Bus Boffins’ Solar Stops Even Work in UK Winter

September 22, 2005
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Solar technology that can light bus stops even through the British winter will soon be appearing on London’s streets in a project that will give the capital the biggest network of ‘solar stops’ in the world.

The new stops will be built and installed for Transport for London (TfL) by Trueform Engineering Ltd, using solar technology supplied by Carmanah Technologies.

The bus stops will all be assembled in Britain and have been designed specially for London – they’ve been proven to work even in the UK’s gloomiest weather conditions.

Ordinary bus stops have no lights at all, but the solar stops light up automatically at dusk, which trials showed helped to make passengers feel safer while they wait for their bus.

Solar stops are easily identified with their white lighting making it easier for bus drivers to see people waiting at bus stops.

The white light, from light emitting diodes, also provides downlighting for waiting passengers and timetables which light up at the press of a button.

This means people don’t have to rely on sodium street lights to read timetable information and bus route numbers at night, something that’s particularly difficult for elderly and visually impaired passengers.

Because the solar panels generate power wherever its needed, the stops are easy to set up anywhere – there’s no need for a connection to the national grid – and they cost nothing to run.

Ivan Bennett, Research and Development Manager, Transport for London said: “It’s immensely satisfying to get leading-edge technology to work in such challenging real-life conditions.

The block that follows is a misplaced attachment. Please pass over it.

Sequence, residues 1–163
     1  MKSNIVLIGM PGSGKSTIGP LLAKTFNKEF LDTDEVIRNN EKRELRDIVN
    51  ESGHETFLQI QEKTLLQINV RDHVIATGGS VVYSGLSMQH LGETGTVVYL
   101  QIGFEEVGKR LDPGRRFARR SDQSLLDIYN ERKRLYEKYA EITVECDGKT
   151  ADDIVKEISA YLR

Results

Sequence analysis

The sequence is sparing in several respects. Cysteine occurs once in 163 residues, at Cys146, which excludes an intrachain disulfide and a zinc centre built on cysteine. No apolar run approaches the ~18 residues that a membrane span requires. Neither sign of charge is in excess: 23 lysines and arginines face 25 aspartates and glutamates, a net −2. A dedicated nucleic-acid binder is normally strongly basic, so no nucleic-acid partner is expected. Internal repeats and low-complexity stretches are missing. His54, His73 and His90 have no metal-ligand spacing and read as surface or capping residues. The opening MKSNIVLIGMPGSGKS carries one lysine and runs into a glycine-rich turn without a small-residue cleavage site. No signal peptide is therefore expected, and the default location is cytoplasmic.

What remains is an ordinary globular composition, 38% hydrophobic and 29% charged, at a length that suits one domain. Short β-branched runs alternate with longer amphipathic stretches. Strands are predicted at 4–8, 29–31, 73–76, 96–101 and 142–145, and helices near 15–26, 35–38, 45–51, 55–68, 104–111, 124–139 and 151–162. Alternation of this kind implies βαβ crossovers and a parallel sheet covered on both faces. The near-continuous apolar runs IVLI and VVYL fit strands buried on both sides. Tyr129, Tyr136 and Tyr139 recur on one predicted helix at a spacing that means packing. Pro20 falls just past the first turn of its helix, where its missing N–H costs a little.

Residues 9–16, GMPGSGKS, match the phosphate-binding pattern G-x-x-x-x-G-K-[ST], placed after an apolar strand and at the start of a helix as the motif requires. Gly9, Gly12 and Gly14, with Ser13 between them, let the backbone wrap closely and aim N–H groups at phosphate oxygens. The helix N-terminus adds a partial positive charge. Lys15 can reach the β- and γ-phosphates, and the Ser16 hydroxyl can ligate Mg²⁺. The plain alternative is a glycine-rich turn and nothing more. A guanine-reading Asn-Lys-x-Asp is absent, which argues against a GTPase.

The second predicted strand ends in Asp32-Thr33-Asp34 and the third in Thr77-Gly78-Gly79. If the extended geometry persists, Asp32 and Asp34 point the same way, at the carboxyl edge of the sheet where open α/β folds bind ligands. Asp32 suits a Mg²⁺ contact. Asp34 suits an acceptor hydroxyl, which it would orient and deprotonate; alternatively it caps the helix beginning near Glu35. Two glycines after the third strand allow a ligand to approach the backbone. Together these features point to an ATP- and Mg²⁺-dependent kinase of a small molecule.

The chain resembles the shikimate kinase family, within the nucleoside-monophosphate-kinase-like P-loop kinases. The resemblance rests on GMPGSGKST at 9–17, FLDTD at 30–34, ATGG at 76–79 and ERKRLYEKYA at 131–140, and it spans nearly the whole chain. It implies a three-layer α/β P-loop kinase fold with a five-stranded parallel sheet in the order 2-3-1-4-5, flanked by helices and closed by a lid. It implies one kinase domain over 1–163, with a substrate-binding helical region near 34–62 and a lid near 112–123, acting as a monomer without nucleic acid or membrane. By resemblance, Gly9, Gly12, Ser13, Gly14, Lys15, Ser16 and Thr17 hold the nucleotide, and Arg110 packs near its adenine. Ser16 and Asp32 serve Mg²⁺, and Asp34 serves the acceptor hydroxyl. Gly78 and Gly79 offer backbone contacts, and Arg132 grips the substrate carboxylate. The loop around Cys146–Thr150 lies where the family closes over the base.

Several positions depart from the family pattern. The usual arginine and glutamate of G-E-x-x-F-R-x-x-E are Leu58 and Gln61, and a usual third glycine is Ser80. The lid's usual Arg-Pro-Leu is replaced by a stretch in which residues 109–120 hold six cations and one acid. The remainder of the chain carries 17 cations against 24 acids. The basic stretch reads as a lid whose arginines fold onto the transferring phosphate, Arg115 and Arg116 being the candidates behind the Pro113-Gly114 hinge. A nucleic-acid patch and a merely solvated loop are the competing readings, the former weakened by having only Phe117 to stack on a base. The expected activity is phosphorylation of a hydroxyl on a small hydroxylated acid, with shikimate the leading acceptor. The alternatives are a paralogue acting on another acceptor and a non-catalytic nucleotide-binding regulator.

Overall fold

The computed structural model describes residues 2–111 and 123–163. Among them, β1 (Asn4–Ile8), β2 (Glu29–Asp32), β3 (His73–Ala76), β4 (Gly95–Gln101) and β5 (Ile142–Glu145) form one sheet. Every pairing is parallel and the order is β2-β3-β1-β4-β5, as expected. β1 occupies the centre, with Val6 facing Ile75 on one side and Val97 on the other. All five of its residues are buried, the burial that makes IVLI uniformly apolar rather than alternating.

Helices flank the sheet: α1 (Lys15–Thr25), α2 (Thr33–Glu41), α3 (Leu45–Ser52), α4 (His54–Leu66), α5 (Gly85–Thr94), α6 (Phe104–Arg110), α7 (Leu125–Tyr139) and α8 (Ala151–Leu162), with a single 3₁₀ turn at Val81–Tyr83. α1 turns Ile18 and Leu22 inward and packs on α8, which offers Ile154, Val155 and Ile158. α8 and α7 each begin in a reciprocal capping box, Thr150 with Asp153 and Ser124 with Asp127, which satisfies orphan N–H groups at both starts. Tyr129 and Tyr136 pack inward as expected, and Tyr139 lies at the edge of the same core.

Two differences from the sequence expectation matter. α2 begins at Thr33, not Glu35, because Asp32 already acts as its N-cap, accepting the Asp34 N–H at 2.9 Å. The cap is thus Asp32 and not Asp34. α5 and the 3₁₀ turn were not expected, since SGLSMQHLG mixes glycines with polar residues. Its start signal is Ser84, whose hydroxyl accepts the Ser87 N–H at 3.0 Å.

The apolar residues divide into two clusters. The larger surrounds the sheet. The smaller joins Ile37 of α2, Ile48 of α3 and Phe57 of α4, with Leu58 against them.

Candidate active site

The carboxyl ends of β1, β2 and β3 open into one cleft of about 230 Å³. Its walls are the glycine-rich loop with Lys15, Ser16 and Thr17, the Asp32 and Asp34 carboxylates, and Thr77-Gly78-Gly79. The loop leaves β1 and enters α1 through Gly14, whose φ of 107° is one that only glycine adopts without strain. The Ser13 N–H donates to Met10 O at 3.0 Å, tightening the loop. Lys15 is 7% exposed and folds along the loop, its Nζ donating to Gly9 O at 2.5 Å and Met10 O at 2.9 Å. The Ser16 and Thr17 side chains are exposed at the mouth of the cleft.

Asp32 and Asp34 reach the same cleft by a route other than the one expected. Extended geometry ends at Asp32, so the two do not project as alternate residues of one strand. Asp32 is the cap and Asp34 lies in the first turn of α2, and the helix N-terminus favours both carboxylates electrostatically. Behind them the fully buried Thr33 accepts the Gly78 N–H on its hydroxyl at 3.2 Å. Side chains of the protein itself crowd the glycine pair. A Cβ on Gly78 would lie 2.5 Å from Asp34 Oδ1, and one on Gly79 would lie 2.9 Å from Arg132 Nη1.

“When we started looking at solar batteries that could cope with the British winter, they tended to be the size of a filing cabinet.

“We’ve now got a unit that can sit on top of an ordinary British bus stop and provide light all year round.

A Big Difference for Passengers

“This is one of those projects that works well on so many levels: it’s an environmentally-friendly improvement which is relatively cheap to build, costs no extra to run, and will make a big difference to passengers.”

The roll-out will start in Ealing, Harrow and Hounslow at the end of October, and installation will continue at a rate of 1,400 solar-lit stops each year for the next five years across London.

Notes for Editors

  • London was the first city in the world to trial solar-lit bus stops, when TfL ran a pilot scheme of its prototype solar stops in 2002-2005.
  • Since then, other cities have followed suit, including cities in Canada and the US
  • A bus stop usually costs £1,100 and a solar stop currently costs £2,000, but prices are coming down all the time. The five year project will cost £7.9M
  • Each bus stop will have a canopy fitted above the flag to gather the solar power
  • The power gathered during the day will be stored in batteries and used to light the timetable display and the bus ‘flag’ during the night. This will be controlled by energy management systems which will ensure the most effective use is made of the energy available.